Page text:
Fourth International Career Seminar inspires audience
On Saturday Nov. 2, Harry Sudakoff Center was host to a range of speakers in international sectors for the Fourth International Career Seminar. Interested students, alumnae and community members joined together to share a day learning about international careers in anything from diplomacy to opera.
The International Career Seminar is an annual event sponsored by the New College International Studies Department and the Sarasota-Manatee chapter of the United Nations Association of the United States of America (UNA-USA). Nine speakers attended this year’s seminar, coming from places as close as our own campus, in the case of Professors David Gillman and Nat Colletta, and as far as Haiti, where co-founder of non-profit organization “Little Footprints, Big Steps” Morgan Weinberg lives most of the year. Beyond geographic dispersion, speakers also varied in career, background, and outlook.
“We’re going from Ringling College of Art and Design all the way to USF Nursing,” Hicks said about the need for a broad range of topics to be covered in the seminar.
Common threads laced through each of the speakers’ presentations even though they spoke on topics as diverse as they come. Having a plan, being flexible, following your dreams and pursuing meaningful experience were all ways the seminar speakers advised students to become successful in the international sector. Despite coming from different backgrounds, speakers Morgan Weinberg and Kent Kirchner both stressed that success and happiness comes from passion about what you do.
Weinberg never went to college, opting to travel to Haiti to aid earthquake victims as soon as she graduated from high school in Canada. Since then, she has worked with orphaned and neglected children to help them pursue education and become reunited with their families. Her presentation was an emotional description of her hardships and successes in Haiti, with the children who have made such an impact on her life. Speaking slowly and softly, apologizing that she speaks mostly in Creole these days, Weinberg captivated the audience with her inspiring story.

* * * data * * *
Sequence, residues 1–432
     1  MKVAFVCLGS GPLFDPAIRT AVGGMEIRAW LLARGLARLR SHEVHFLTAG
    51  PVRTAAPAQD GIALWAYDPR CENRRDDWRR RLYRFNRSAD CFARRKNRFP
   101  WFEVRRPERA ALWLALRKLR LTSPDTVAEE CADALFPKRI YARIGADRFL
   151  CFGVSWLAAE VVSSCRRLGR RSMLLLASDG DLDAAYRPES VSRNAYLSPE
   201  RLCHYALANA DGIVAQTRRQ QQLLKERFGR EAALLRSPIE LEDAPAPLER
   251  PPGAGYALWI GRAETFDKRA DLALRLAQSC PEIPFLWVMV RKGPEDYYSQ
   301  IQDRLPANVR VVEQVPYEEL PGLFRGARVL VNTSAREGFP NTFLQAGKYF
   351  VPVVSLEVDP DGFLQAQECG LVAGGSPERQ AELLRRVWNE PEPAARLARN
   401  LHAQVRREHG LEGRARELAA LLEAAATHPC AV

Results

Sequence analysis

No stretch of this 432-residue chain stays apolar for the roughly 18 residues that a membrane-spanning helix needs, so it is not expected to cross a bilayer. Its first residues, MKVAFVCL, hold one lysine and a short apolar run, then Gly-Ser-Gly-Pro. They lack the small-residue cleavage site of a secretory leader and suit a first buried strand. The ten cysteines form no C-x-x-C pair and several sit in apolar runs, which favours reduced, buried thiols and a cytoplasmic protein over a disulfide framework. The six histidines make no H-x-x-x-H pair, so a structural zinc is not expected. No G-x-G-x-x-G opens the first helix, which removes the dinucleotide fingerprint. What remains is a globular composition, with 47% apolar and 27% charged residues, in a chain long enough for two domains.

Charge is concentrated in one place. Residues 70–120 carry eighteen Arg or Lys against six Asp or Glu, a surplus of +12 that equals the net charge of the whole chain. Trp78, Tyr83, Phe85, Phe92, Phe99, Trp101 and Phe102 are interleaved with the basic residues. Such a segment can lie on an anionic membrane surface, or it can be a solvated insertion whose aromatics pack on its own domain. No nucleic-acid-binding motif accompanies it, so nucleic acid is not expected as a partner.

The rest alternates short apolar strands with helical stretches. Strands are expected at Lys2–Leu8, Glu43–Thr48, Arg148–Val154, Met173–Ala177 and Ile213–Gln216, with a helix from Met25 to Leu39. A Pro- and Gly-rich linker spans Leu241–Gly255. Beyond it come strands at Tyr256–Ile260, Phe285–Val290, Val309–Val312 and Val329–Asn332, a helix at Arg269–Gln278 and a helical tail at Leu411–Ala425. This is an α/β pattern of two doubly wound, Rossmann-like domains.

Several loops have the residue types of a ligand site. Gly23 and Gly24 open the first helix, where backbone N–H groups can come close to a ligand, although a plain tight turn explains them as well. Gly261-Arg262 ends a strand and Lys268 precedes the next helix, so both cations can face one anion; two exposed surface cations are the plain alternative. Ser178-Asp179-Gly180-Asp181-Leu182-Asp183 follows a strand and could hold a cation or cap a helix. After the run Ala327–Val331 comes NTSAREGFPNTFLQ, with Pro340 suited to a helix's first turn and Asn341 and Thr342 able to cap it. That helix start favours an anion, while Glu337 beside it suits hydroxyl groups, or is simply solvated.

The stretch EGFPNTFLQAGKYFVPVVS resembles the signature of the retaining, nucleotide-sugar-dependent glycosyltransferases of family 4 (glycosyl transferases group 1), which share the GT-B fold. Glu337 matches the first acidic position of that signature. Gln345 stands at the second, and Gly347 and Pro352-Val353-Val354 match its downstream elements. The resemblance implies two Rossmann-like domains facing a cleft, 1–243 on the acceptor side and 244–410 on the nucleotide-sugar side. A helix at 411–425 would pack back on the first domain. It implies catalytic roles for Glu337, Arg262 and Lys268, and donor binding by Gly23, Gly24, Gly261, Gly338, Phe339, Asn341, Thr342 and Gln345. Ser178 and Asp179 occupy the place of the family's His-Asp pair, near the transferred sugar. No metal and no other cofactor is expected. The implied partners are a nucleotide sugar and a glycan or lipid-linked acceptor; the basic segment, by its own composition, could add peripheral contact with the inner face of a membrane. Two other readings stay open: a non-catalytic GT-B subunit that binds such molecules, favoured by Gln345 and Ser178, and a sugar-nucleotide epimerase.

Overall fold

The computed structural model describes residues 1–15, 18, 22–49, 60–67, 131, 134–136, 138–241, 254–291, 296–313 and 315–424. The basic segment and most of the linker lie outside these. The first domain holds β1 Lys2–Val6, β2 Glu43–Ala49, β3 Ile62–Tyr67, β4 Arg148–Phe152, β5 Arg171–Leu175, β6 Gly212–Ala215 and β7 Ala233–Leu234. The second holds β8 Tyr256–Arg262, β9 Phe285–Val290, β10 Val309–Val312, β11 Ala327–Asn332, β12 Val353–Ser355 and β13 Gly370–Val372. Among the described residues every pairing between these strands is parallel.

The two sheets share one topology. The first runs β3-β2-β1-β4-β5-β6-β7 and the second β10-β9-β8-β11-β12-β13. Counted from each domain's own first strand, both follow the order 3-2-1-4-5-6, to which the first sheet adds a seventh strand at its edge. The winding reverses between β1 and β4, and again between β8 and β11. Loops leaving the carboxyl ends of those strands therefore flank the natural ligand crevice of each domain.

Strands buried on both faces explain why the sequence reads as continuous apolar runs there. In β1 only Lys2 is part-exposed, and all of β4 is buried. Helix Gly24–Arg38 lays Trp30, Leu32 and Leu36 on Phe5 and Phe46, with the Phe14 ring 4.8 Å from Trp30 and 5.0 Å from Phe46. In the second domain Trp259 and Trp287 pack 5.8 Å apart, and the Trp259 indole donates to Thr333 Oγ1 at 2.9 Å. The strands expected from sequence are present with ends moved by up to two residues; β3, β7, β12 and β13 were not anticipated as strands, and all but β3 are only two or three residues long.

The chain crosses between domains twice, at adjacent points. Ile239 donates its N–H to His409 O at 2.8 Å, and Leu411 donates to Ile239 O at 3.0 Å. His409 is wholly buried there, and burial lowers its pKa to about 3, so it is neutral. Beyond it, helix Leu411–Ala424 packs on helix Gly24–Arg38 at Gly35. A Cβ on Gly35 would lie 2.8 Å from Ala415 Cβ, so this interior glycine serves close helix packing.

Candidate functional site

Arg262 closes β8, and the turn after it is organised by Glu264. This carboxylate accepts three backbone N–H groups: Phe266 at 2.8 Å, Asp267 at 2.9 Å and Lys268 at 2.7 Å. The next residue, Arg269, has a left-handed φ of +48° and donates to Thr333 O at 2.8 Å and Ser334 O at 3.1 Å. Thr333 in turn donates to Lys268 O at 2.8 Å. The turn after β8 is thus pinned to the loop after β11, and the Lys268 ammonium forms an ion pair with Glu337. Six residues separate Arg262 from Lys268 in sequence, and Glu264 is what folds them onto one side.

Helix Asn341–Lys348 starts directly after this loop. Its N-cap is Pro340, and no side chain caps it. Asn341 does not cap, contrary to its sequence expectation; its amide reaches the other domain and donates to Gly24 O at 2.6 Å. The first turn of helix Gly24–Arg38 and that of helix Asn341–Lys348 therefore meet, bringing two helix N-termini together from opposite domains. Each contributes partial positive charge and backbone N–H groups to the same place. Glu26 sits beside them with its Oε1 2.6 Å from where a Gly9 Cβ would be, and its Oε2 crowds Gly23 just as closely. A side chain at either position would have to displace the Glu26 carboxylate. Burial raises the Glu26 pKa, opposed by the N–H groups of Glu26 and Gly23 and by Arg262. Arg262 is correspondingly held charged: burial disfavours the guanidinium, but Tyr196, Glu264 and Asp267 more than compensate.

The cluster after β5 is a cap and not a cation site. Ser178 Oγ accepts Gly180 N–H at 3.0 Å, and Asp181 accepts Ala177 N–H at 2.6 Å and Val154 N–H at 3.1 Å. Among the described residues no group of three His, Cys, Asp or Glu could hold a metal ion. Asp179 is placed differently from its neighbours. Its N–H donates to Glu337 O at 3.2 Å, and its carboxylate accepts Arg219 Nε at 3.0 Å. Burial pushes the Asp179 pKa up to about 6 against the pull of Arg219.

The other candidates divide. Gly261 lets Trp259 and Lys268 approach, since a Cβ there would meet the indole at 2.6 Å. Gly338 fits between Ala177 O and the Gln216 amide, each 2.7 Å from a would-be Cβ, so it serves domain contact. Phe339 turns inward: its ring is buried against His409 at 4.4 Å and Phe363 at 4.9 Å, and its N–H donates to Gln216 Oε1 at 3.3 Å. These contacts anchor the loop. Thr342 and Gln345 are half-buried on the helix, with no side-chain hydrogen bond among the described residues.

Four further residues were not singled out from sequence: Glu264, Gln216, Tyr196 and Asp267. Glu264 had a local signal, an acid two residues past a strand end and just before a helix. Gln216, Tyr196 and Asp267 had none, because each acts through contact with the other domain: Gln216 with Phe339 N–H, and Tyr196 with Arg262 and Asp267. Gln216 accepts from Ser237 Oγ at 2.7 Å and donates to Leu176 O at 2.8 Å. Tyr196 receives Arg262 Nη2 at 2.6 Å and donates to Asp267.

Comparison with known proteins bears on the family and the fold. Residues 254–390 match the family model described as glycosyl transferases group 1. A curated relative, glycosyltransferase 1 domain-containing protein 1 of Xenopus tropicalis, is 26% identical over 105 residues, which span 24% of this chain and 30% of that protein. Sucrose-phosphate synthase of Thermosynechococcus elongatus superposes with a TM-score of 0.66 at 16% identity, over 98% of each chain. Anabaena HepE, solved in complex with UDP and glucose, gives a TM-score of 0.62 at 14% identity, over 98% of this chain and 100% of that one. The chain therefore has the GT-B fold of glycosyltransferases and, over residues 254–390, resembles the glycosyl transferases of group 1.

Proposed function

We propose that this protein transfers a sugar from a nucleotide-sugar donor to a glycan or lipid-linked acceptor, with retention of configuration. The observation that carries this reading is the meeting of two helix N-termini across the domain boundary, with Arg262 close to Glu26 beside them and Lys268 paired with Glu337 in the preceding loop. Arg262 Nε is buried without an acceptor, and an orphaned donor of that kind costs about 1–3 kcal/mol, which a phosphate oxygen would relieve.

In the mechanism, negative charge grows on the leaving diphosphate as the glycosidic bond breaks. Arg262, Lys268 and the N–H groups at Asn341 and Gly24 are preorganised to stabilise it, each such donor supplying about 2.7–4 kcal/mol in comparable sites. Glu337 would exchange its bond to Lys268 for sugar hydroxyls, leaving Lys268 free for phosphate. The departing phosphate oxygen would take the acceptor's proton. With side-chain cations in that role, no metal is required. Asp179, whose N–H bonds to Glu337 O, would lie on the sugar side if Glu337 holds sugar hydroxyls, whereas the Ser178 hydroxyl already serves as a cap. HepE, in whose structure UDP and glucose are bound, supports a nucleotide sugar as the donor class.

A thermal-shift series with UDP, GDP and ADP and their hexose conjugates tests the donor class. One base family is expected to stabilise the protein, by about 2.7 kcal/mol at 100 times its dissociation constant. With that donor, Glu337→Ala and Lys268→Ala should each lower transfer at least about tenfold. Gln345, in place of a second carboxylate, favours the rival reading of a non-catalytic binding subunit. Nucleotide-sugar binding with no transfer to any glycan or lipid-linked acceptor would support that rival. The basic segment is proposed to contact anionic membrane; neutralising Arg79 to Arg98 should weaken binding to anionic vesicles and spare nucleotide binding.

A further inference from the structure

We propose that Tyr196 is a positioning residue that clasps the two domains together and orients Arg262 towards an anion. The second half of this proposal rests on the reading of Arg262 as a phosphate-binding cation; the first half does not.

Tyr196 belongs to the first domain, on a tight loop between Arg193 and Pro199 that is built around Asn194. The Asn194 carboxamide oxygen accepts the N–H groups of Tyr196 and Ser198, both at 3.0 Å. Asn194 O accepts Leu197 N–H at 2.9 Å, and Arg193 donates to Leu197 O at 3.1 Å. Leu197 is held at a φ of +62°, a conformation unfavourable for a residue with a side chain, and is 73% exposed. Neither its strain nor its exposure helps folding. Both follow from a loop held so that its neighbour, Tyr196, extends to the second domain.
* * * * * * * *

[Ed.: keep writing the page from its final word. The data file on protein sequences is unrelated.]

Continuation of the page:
Kirchner, another favorite speaker of the day, told his story of growing up in Sarasota, travelling the world, and feeling stuck when his father told him to get a real, practical job. Avoiding that advice, Kirchner decided to look for a job that would let him do the things he learned were his passions ― travelling and learning about other cultures. A job in the private sector that managed internationally allowed him to do just that. He compared his career path and his life to Canadian foie gras poutine, “a delicious mess of things all on top of cheesy fries.”
College students from the University of South Florida in Sarasota, New College, State College of Florida, and Ringling College all attended the seminar to consider the careers they may pursue after finishing college. High school students from county schools were also invited to attend as a way to start planning and considering their career paths. Finally, New College alumnae and members of the Sarasota community attended to consider career changes or paths to direct their lives internationally.
Co-director of the seminar and New College International Studies Director Barbara Hicks expressed her pleasure at seeing so many attendees from outside of New College. Despite the lower turnout of New College students, Hicks said this year’s seminar had more attendees than in previous years.